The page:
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South Carolina Evangelical Leaders Call for a Vote on Immigration Reform

Local Pastors to Fly to D.C., Meet with Members of Congress Next Week

GREENVILLE, S.C., APRIL 23, 2014 — Top South Carolina evangelical leaders held a press conference this morning to highlight the biblical call to welcome the stranger and urge Congress to move forward with a vote on immigration reform.

The press conference featured local pastors who discussed the moral imperatives for immigration reform, their efforts during the April congressional recess and their April 29 #Pray4Reform trip to Washington, D.C., when pastors from all six of the state’s Republican districts will meet with their members of Congress.

The following quotes are from pastors at today’s press conference:

Johnny Baker, Senior Pastor, Abundant Life Church, Greenville:
“I am the Pastor of one church with two congregations, one English-speaking and one Spanish-speaking. Our motto is ‘two congregations — one heart.’ I have become involved in immigration reform because of my relationship with hundreds of Spanish-speaking people. The message of Jesus says to ‘go into all the world and make disciples.’ That’s my call as a Pastor. I happen to pastor a church in the middle of a community with thousands of Hispanic people. That’s the mission field God has given me, and I want to be faithful in His service.”

Dr. Manuel Izquierdo, Senior pastor, Jesus El Rey Assemblies of God Church, Greenville:
“As Pastors we understand the immigration issue has moral and legal implications, both of which are clearly dealt with in the Scriptures. We are a nation of immigrants that historically has extended a hand to the less fortunate, and as a result we have seen God extend His grace over us. But America is a land of justice. The Lord teaches us about restitution when law has been broken. That why we stand for immigration reform that respects the rule of law though the application of fair financial retribution, while ensuring that the immigrant population does not unfairly become a taker of rather than a fair participant in the opportunities our nation.”

Jason Lee, Senior Pastor, Oak Grove Baptist Church, Spartanburg:
“I’m passionate about this issue because first the Bible speaks to how Christians should concern themselves with compassion for their neighbors and justice for the ‘stranger in our midst.’ But beyond just the biblical instructions and commands about how we should respond as Christians, we must remember there are approximately 12 million lives (undocumented immigrants) that are battling with this issue. It’s beyond just a compassion and justice issue now; we need comprehensive immigration reform to happen, and this will take courageous political action. So we are pleading with the House of Representatives to take action now.”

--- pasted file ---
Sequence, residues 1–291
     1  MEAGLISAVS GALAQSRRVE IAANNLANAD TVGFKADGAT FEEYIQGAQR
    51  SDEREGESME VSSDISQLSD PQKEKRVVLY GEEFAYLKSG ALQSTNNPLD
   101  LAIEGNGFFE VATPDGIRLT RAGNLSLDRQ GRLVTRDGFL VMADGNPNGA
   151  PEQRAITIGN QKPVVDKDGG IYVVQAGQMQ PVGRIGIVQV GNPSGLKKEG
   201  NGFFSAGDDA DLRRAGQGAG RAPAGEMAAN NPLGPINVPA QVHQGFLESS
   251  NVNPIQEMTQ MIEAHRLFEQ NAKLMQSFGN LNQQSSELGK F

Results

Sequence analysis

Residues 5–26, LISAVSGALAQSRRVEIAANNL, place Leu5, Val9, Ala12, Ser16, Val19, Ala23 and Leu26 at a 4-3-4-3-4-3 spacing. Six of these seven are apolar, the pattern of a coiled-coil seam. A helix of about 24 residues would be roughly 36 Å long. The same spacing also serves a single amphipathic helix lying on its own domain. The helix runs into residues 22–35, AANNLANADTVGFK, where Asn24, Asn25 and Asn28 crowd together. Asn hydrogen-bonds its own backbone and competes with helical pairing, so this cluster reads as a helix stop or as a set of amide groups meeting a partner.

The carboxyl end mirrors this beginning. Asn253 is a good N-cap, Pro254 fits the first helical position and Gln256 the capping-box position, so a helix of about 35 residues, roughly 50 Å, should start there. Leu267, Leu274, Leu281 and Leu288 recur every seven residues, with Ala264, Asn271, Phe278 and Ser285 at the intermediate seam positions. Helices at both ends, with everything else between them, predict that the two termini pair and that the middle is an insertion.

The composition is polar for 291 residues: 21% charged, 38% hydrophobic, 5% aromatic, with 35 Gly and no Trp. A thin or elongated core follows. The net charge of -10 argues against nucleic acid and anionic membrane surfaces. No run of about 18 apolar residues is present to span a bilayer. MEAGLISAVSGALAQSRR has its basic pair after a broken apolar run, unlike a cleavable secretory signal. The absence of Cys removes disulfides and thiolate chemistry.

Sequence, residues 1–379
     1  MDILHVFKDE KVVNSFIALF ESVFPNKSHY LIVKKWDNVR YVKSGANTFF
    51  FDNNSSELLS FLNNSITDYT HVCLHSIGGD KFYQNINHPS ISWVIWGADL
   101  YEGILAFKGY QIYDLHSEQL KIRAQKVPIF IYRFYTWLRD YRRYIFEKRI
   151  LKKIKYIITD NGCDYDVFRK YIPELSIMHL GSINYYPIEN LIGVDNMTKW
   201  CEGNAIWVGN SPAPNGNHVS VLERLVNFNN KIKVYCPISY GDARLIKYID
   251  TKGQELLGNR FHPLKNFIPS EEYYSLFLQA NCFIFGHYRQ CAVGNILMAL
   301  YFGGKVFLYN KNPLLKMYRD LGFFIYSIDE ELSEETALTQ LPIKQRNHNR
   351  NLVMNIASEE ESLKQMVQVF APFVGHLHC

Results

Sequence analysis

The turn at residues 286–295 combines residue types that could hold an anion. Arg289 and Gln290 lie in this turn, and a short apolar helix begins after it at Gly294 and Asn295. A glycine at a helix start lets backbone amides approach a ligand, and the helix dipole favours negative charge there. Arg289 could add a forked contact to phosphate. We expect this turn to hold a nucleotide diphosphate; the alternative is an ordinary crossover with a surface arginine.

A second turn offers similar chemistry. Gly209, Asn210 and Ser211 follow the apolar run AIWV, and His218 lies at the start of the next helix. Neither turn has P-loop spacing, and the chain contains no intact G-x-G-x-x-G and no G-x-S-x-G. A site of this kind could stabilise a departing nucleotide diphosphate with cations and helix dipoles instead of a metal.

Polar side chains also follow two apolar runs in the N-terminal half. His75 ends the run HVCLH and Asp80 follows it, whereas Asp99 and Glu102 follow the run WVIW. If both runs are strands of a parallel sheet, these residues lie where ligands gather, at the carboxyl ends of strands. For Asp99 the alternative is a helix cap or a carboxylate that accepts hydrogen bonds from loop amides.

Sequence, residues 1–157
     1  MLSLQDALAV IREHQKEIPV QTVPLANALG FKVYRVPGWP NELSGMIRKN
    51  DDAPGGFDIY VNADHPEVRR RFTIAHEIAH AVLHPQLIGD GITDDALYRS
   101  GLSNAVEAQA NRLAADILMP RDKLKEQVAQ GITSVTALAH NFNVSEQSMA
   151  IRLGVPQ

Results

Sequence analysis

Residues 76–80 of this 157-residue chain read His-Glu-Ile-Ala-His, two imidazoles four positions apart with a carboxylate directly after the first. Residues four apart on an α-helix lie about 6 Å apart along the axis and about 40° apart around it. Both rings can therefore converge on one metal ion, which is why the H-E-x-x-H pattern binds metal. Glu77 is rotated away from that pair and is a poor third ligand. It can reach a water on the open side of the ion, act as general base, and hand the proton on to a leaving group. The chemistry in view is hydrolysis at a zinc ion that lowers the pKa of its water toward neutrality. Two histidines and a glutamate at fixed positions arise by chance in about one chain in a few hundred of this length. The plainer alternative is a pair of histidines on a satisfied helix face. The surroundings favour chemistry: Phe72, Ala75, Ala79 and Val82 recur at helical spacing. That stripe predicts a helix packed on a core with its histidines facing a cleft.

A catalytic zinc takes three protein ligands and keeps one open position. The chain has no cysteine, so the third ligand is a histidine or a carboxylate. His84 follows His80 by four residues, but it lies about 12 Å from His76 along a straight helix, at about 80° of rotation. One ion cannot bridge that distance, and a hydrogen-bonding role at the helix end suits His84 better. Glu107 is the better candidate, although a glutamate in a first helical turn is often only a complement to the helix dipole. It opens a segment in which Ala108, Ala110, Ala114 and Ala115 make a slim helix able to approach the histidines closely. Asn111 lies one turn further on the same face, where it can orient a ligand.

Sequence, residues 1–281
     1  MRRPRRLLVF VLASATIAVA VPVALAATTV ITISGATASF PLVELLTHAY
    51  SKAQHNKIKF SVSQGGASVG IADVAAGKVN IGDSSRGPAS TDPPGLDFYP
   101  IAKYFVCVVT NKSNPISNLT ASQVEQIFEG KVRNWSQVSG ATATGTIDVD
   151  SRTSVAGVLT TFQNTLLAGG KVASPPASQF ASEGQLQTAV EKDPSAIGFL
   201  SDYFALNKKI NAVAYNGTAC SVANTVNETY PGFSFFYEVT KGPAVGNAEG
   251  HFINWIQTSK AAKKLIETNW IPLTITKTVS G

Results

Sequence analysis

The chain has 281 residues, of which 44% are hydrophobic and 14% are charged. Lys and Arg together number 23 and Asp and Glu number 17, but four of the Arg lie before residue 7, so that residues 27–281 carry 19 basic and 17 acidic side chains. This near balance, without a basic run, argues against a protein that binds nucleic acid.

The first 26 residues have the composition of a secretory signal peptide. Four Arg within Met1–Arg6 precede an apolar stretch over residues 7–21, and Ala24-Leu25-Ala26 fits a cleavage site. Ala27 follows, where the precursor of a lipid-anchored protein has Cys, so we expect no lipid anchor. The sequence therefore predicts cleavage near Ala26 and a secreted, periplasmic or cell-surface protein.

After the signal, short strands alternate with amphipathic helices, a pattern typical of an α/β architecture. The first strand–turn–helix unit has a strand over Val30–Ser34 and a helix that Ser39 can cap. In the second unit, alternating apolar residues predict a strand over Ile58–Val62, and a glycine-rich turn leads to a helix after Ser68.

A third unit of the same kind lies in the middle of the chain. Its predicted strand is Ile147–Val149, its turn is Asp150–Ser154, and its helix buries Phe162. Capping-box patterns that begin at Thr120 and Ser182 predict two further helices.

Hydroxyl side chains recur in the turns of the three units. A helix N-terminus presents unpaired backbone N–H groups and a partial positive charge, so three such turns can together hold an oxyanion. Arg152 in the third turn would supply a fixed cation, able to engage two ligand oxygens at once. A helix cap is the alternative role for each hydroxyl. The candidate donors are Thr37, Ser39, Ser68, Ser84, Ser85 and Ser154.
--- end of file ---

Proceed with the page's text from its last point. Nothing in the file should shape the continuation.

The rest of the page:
Pastor Carlos Ruiz, Senior Pastor, Iglesia Bautista Filadelfia, Taylors:
“I am involved in this because I think we need to do something for this situation, not only for the Latino community, but for immigrants from all nationalities. God tells us in the Scriptures that we show the love of Christ through our actions — and we have a moral, spiritual and economic problem that we need to address. My heart breaks when I see my congregants suffering under this unjust system. We have seen families separated by deportations in many cases, and the outcomes are devastating. Something must be done.”

Dale Sutton, Pastor, Overbrook Baptist Church, Greenville:
“I am a pragmatist. We have a national dilemma that needs a pragmatic fix. One of the major issues for Christ-followers is that political issues tend to be painted with broad strokes by those with vested interests or individuals on the opposite ends of the political spectrum. But we need to remember that real people, real families, innocent children are caught in the middle of the political debate. For too many years, we have talked about immigration, we have talked about our opponents in the immigration debate, but we have not solved the problem. Regardless of how we got here or who is to blame, this issue needs to be addressed. Immigration is a moral, economic, legal, social and spiritual mess. To solve this issue will require courage and leadership. I want to encourage our congressional delegation to fix this broken system.”

Join the conversation on Twitter using #Pray4Reform and #VoteOnReform.

Texas Evangelical Leaders Call for a Vote on Immigration Reform

Local Pastors Discuss Moral Imperatives for Reform, April 29 D.C. Event

**For a recording of today’s call click here.**

DALLAS, APRIL 22, 2014 — Top Texas evangelical leaders joined a telephonic press conference this morning to highlight the biblical call to welcome the stranger and urge Congress to move forward with a vote on immigration reform.